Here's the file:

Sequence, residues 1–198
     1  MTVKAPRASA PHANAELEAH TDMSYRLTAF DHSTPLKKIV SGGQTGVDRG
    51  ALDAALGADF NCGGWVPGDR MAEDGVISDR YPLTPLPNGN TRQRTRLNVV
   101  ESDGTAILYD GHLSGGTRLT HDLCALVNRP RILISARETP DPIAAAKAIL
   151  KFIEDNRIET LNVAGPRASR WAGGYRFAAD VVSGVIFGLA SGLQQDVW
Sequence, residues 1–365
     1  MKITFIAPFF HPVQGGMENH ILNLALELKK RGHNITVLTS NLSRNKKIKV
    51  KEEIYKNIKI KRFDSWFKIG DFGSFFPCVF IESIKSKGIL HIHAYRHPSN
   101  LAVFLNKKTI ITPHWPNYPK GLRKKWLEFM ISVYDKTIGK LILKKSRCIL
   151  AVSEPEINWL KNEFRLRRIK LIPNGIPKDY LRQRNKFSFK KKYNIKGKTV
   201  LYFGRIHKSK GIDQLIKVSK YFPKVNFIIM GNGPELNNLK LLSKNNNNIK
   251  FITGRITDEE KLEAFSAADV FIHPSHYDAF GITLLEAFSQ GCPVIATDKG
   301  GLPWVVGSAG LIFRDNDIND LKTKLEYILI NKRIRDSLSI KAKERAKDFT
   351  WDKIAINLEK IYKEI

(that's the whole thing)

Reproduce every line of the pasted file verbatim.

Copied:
Sequence, residues 1–198
     1  MTVKAPRASA PHANAELEAH TDMSYRLTAF DHSTPLKKIV SGGQTGVDRG
    51  ALDAALGADF NCGGWVPGDR MAEDGVISDR YPLTPLPNGN TRQRTRLNVV
   101  ESDGTAILYD GHLSGGTRLT HDLCALVNRP RILISARETP DPIAAAKAIL
   151  KFIEDNRIET LNVAGPRASR WAGGYRFAAD VVSGVIFGLA SGLQQDVW
Sequence, residues 1–365
     1  MKITFIAPFF HPVQGGMENH ILNLALELKK RGHNITVLTS NLSRNKKIKV
    51  KEEIYKNIKI KRFDSWFKIG DFGSFFPCVF IESIKSKGIL HIHAYRHPSN
   101  LAVFLNKKTI ITPHWPNYPK GLRKKWLEFM ISVYDKTIGK LILKKSRCIL
   151  AVSEPEINWL KNEFRLRRIK LIPNGIPKDY LRQRNKFSFK KKYNIKGKTV
   201  LYFGRIHKSK GIDQLIKVSK YFPKVNFIIM GNGPELNNLK LLSKNNNNIK
   251  FITGRITDEE KLEAFSAADV FIHPSHYDAF GITLLEAFSQ GCPVIATDKG
   301  GLPWVVGSAG LIFRDNDIND LKTKLEYILI NKRIRDSLSI KAKERAKDFT
   351  WDKIAINLEK IYKEI